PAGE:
New Hotels for Global Nomads
New York, NY
2004 Venice Architecture Biennale
The standard bus tour of Western Europe condenses the diverse range of countries into a series of tourist sites suspended within a network of highways and hotels, souvenir shops, and service stops. These itineraries treat the continent the way a subway map describes a city: a space structured as points of interest separated by interludes of memory and anticipation. An analysis of one thirteen-day tour revealed that more time was actually spent on the bus than in cities. Moreover, most hotels were located on the periphery of the cities, making casual excursions into the city difficult.
The Tourbus Hotel is a new building type designed to accommodate the logistics of the bus tour and its complex social and visual mechanisms. This speculative prototype plugs into the existing routes of European bus tours. The design and organization of the building is predicated on the fact that everyone in the hotel has come from, or is going to, the same two cities. The building is composed of three zones—a bus parking level, a social lobby level, and a zone of hotel bars—each split equally to formalize the Janus nature of the program: coming and going, memory and anticipation, Venice and Munich.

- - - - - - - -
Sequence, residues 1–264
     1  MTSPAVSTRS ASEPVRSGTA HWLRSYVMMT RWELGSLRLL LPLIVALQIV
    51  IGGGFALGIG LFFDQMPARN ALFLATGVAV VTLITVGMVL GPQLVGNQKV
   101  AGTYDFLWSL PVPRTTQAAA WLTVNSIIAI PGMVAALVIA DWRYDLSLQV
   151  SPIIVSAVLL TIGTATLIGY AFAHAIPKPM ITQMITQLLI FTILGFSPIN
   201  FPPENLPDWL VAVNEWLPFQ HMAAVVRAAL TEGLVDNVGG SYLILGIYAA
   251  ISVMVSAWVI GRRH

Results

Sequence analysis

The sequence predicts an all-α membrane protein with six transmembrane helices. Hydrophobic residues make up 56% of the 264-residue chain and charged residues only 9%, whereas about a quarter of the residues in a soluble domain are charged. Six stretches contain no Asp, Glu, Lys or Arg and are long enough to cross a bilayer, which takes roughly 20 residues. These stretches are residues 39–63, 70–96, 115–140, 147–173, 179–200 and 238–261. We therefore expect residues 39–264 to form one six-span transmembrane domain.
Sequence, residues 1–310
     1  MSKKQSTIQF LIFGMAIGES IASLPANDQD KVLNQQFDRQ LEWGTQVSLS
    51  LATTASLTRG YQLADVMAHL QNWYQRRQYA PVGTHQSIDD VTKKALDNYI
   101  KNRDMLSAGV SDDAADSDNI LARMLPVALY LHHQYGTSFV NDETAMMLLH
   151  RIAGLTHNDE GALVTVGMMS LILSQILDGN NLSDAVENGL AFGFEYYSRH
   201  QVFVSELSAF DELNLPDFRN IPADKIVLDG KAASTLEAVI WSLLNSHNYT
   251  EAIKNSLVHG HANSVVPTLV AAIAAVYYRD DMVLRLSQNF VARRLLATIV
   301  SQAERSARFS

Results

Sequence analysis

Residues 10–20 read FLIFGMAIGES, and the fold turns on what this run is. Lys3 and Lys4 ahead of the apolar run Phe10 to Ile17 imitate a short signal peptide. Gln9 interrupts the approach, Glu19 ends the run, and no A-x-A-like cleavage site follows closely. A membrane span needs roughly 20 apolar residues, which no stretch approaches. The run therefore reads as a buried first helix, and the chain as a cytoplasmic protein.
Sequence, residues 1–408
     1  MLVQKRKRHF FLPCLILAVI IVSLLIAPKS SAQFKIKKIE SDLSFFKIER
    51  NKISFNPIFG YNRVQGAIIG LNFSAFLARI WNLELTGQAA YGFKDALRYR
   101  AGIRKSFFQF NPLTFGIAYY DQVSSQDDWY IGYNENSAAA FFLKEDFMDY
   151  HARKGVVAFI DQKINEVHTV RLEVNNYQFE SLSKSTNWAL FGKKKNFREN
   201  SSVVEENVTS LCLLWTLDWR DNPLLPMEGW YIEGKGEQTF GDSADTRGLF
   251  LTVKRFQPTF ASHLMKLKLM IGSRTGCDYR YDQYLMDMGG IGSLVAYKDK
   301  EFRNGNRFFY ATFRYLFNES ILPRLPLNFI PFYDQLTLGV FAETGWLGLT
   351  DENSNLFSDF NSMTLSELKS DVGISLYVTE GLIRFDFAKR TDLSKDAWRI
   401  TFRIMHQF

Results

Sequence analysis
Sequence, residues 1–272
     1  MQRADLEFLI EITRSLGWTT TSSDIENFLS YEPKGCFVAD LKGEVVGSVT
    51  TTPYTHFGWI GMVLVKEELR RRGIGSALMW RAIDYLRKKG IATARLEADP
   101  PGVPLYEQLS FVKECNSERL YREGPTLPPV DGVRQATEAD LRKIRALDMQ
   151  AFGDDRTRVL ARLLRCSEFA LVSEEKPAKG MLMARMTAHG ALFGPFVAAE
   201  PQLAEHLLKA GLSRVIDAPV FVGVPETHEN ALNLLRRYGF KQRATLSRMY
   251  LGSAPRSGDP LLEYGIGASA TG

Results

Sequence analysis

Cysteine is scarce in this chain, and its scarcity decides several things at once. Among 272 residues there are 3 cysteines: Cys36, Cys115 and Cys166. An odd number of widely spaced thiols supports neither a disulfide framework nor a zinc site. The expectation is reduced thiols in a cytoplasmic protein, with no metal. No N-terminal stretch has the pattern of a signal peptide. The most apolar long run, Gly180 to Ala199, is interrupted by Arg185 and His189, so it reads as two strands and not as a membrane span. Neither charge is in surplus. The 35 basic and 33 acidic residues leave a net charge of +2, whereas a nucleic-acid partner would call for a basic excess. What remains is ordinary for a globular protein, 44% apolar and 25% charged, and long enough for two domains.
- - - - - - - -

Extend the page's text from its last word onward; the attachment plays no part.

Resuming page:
Project team: Paul Lewis, Marc Tsurumaki, David J. Lewis; Hye-Young Chung, project manager; Jake Nishimura, Ade Herkarisma, Jamie Montgomery, Larry Cohn, David Takacs, Eric Samuels
Support provided by: Mercedes T. Bass Rome Prize in Architecture from The American Academy in Rome